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Topic starter  

...but that's why I hate most of the that type of stuff you'll never get the "whole" song.

The other reason which I tend to doubt is that they consciously omit it because the book is aimed at beginner's and maybe they think a shuffle is a bit much.

I agree with this. And for those two reasons I think maybe they should leave out those songs from "easy strumming" type books. Especially because imo Come Together is not a campfire type song anyway. I just find it odd.

It is difficult to answer when one does not understand the question.


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(@kayo1111)
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Best Book use to learn students play the guitar it's of the Gibson's Learn And Master series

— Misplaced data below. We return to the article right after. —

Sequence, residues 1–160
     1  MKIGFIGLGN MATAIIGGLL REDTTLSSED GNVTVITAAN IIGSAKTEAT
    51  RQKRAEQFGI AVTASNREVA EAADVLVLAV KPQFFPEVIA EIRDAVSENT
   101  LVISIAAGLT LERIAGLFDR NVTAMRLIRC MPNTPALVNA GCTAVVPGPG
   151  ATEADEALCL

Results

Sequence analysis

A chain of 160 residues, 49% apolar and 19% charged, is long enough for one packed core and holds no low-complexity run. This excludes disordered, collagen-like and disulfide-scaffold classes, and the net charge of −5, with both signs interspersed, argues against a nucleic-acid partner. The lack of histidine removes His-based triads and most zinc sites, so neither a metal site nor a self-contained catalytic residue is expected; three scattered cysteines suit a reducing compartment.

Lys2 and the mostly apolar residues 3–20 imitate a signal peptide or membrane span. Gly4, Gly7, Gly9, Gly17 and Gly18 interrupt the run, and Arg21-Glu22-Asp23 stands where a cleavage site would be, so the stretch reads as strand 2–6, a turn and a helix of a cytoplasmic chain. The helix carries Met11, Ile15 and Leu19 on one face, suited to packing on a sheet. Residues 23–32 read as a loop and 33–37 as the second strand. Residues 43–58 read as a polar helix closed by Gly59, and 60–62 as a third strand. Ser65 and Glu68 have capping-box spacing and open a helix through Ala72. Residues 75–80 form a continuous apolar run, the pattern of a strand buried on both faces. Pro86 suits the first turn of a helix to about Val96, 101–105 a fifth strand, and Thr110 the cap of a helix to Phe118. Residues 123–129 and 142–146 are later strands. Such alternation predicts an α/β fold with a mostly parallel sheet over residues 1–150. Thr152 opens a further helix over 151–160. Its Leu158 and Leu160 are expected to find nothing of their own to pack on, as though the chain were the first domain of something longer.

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(@minotaur)
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I've since learned that Come Together and Get Back do not have to be played as a shuffle. Neither does I Hear You Knocking.

Just sayin'.

It is difficult to answer when one does not understand the question.


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(@srmaximo)
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Joined: 16 years ago
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Maybe they think if they even mention the existence of a shuffle would require them to teach it. I agree that it's much better to say, "Play this using a shuffle groove, if you know what that is," than to say nothing at all.

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(@johnny-lee)
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Rhythm is hard enough to teach already, even in person. Now teaching rhythm in a book is clearly quite a challenge. I really think the way rhythm is learned is just by listening to music a lot, then experimenting with different ones. Over time, you just develop a feel.

My writings on playing guitar => No B.S. Guitar


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(@minotaur)